Mise-En-Scene in the Wizard of Oz Essay

1066 Words Mar 24th, 2006 5 Pages
Mise-en-scène
The placement of a prop or altering the way the light shines on a scene, however insignificant they may seem, are ways that the director can select and control meaning in a film. Such is in The Wizard of Oz (Victor Fleming, 1939), specifically during the scene where Dorothy (Judy Galand) has been locked in the Wicked Witch of the West's (Margaret Hamilton) castle room by herself; many aspects of mise-en-scene are noticeable. Many of the elements of the scene she is in contribute to her state and other aspects of the movie. The setting and props of the film all seem to centralize to where she is and how she got there. The light focus' just on Dorothy but also amplifies the intensity of the situation she is in. The behavior of
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Dorothy is wearing her blue dress and a white shirt underneath, the clothes she is wearing seem to play to me like she is a helpless girl in a land far away and does not know what to do now. Aunt Em is wearing a collared shirt, color unknown because she is in Kansas and is black and white, but the pose she is in shows she is very worried about Dorothy and it almost looks like really depends on Dorothy and would not be able to survive without her. Dorothy also has make-up on her and her hair is done up in a ribbon, however there was nothing special done to the appearance of Aunt Em. Aside from being in a castle, Dorothy does not seem as if she is doing too badly in Oz.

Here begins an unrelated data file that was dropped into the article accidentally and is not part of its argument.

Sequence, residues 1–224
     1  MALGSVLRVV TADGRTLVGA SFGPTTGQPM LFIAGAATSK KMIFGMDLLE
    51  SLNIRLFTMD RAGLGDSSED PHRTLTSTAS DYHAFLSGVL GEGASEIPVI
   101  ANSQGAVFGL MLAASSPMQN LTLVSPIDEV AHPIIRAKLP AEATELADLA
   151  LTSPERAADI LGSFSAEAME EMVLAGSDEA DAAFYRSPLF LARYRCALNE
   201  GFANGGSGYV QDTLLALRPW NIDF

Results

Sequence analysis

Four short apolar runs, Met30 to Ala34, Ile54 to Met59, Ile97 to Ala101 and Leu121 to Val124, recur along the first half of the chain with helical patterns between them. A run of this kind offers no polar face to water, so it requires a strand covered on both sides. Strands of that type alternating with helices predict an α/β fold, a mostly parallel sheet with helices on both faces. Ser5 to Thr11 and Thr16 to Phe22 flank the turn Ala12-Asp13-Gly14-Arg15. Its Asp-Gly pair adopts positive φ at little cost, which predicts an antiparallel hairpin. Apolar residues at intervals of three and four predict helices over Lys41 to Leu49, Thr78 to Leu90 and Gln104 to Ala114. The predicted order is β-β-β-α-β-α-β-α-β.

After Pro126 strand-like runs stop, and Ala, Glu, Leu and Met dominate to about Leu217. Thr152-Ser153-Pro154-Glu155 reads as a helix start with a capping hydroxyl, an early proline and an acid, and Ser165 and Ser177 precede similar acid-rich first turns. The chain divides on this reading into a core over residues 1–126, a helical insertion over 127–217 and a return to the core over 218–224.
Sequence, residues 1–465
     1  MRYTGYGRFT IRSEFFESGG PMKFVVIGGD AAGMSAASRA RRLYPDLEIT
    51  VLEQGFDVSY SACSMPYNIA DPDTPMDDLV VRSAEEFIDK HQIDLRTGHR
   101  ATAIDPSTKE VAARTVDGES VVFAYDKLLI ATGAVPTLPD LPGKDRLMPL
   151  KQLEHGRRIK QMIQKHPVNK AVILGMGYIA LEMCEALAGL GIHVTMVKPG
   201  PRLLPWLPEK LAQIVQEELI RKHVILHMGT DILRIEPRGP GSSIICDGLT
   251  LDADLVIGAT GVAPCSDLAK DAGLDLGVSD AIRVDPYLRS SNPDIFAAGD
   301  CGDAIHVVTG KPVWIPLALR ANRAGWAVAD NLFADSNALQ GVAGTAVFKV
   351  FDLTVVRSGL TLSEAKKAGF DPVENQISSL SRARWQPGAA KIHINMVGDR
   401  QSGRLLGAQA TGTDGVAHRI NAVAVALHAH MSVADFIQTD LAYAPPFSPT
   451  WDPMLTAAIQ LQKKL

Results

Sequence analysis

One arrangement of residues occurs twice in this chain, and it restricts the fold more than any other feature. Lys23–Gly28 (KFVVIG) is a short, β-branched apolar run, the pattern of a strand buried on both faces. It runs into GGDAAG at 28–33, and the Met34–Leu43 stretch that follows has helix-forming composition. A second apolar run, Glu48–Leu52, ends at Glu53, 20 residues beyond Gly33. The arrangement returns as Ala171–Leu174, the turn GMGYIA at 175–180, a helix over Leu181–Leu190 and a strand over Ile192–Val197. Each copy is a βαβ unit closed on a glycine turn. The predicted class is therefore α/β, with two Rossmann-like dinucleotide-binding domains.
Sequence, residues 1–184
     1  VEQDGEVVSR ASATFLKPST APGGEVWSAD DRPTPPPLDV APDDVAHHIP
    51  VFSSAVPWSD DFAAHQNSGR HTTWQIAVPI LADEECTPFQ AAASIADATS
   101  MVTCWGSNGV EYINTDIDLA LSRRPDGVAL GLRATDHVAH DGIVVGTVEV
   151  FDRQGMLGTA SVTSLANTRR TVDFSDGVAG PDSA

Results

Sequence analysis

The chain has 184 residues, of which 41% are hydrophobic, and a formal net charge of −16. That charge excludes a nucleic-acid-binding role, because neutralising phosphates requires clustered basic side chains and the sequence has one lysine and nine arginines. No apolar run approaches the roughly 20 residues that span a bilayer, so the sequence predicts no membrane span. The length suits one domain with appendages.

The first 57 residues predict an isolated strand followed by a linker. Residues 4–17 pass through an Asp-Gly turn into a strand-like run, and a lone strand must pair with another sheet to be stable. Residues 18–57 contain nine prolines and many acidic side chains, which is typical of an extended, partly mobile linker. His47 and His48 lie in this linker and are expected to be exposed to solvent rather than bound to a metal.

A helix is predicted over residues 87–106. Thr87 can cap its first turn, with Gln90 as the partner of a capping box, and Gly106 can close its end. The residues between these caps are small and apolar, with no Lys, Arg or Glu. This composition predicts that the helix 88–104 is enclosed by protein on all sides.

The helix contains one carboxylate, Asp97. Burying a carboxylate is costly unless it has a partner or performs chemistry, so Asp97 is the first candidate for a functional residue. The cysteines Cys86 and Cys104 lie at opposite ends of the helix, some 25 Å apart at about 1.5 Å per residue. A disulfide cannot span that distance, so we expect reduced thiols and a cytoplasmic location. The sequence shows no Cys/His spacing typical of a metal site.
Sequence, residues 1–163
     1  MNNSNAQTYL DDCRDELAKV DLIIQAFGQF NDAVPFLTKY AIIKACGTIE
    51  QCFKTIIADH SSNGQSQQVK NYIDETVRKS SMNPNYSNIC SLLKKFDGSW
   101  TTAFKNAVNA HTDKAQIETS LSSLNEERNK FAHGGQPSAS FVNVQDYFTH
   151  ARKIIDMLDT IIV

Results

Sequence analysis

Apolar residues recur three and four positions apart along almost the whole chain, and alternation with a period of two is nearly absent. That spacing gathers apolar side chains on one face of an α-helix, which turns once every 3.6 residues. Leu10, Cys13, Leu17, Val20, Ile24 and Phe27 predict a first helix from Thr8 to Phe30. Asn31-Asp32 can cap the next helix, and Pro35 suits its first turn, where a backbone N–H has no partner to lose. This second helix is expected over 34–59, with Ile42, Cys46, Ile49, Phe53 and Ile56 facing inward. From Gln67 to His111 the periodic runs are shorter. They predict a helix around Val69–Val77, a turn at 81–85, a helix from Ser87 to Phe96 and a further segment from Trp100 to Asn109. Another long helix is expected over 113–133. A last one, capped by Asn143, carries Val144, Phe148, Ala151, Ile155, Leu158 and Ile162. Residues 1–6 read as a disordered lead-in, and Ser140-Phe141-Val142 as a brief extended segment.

Even though some shrug off the seemingly random elements of a scene, all it takes is a bit of analysis of the meaning they really have. By wondering why those items are there and what the mean one can understand a scene to a deeper degree. The actions of the character can greatly define how they are feeling and to a deeper meaning in film as we learn what Dorothy is going through. The light plays a key role as it shows what needs to be shown and keeps viewers guessing in darker places, it also adds to feeling in the movie The Wizard of Oz. The most important aspect of mise-en-scene is the setting as it helps develop the actions and mood of the character; the props also allow us to indulge into the deeper meaning they might

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